Sex slows down in most relationships, and as long as you’re both happy with the frequency then it doesn’t really matter. But let’s say you want to spice things up—without resorting to a pair of fluffy handcuffs. That’s where the “passion triangle” comes in.
Coined by Cheryl Fraser, Ph.D., the sex therapist uses this model to create lifelong romantic and sexual passion.
“If I’m looking to build the ultimate passionate relationship, a love affair filled with joy, intensity, loyalty, and desire, a relationship that becomes deeper and sexier as time goes on, then I want to build that on a very strong foundation,” writes Dr. Fraser. And what is the basis for that foundation? The passion triangle.
There are three components to the passion triangle: thrill, intimacy and sensuality. Some couples may be strong in some areas of the triangle and weak in others. But if you want long-term passion and connection, then you need all three sides to be strong and balanced, says Fraser. Ready to see how you and your S.O. measure up?
Dr. Fraser describes this component as: “The ineffable sense of excitement, interest, and attraction to your partner that you experienced when you fell in love but that often fades.”
Let’s say that your partner is coming home after a weekend away and is about to step through the door—do you wait for them to arrive in the hallway, with an edge of excitement (even arousal)? Or are you on your phone in the TV room and barely notice them come in?
Thrill is the most difficult aspect of the passion triangle to re-ignite, says Dr. Fraser, since most of us forget that great sex and great love is all in our head. In other words, “If you are bored with your beloved, you need to change your mind, not your mate.” Not convinced? Think of it this way: A stranger who met your partner for the first time would find them fascinating. You can, too. (More on that below.)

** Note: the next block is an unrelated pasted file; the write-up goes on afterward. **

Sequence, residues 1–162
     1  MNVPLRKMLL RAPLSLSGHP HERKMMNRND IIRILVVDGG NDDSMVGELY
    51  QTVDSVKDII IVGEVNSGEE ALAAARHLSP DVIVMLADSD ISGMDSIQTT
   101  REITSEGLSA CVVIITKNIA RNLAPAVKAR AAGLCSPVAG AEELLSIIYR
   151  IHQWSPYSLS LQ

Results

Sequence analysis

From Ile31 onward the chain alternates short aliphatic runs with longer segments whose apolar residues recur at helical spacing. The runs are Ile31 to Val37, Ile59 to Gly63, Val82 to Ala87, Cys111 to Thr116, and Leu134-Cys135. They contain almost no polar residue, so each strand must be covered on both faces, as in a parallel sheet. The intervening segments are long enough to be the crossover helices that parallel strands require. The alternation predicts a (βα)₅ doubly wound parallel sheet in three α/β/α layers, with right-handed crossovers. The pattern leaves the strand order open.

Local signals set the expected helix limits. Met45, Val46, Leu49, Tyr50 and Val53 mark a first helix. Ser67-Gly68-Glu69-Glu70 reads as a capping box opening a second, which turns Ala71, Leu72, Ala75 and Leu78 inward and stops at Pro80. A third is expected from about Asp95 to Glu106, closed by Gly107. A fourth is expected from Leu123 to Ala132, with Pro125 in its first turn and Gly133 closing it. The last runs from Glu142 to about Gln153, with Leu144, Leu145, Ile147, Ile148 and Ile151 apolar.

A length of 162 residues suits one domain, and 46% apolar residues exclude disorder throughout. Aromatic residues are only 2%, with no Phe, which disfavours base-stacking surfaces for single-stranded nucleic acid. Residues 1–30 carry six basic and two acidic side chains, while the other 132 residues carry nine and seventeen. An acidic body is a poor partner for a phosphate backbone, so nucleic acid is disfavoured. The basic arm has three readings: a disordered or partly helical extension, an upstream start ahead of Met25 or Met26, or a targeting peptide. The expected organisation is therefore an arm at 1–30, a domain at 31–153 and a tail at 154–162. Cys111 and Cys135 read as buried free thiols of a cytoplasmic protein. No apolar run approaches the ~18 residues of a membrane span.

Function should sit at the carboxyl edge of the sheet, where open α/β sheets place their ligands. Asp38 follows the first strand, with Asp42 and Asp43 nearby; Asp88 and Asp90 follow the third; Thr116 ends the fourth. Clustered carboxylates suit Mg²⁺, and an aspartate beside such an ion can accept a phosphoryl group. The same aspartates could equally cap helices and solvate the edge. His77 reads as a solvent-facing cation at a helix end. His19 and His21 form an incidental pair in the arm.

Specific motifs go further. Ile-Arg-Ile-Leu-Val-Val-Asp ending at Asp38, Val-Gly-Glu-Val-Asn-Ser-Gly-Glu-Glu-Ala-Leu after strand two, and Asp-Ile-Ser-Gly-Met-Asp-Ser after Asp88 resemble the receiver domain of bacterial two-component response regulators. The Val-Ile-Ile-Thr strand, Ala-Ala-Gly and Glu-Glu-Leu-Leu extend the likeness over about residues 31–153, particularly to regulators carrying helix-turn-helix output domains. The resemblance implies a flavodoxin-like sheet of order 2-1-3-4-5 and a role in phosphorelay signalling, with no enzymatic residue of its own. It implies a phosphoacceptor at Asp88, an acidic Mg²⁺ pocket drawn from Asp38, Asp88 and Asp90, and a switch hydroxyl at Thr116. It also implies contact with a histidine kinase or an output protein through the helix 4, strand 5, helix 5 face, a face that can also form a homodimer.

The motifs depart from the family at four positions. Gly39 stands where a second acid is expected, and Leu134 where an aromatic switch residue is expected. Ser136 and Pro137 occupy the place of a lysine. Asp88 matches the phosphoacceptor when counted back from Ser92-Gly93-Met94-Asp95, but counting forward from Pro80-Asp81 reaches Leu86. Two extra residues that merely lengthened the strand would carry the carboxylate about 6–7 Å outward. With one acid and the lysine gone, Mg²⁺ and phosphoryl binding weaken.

We’re not just talking about physical closeness, here. “[Intimacy is] a deep sense of knowing and being known that develops over time through shared vulnerabilities and deepening emotional connection,” says Dr. Fraser.
How do you achieve this? Firstly, it takes time and shared life experiences. Then it takes courage to share your secrets, as well as revealing both your best side and the parts of yourself that you’re not so proud of. Real intimacy means that you trust that your partner will love you and accept you, no matter what.
If your partner is the first person you want to call when you nail a work presentation, as well as the first person you call when you dent the car, then you’re probably scoring pretty high in the intimacy department. But here’s the thing—unless you also develop the other sides of the passion triangle (i.e., thrill and sensuality), then you run the risk of being best friends...not lovers. “High intimacy—when it is unbalanced—kills sexual desire,” explains Dr. Fraser.
What is sensuality? “The spectrum of romantic, erotic, and sexual connection between two people, from hand-holding to wild sexual delight.”
Maybe you’re the type of couple that frequently has make-up sex after an argument or likes to shake things up in the bedroom with toys and role play? Chances are you’re high in sensuality. (Although, it’s worth noting that a sizzling gaze from across the room or a passionate kiss goodbye are also great examples of sensuality at work.)
Typically, couples are low in this department which understandably, leads to problems in the bedroom. “Unless you nurture your lust and celebrate all things sensual, you risk bed-death,” says Dr. Fraser.
How do I know which area of the passion triangle I need to work on?
That’s easy—Dr. Fraser has created a handy quiz so that you can see how you score on the three keys to passion. Take the quiz here. Then, once you know what needs strengthening, you can work on that area (Check out Dr. Fraser’s book Buddha's Bedroom: The Mindful Loving Path to Sexual Passion and Lifelong Intimacy for tips). Knowledge is power, people.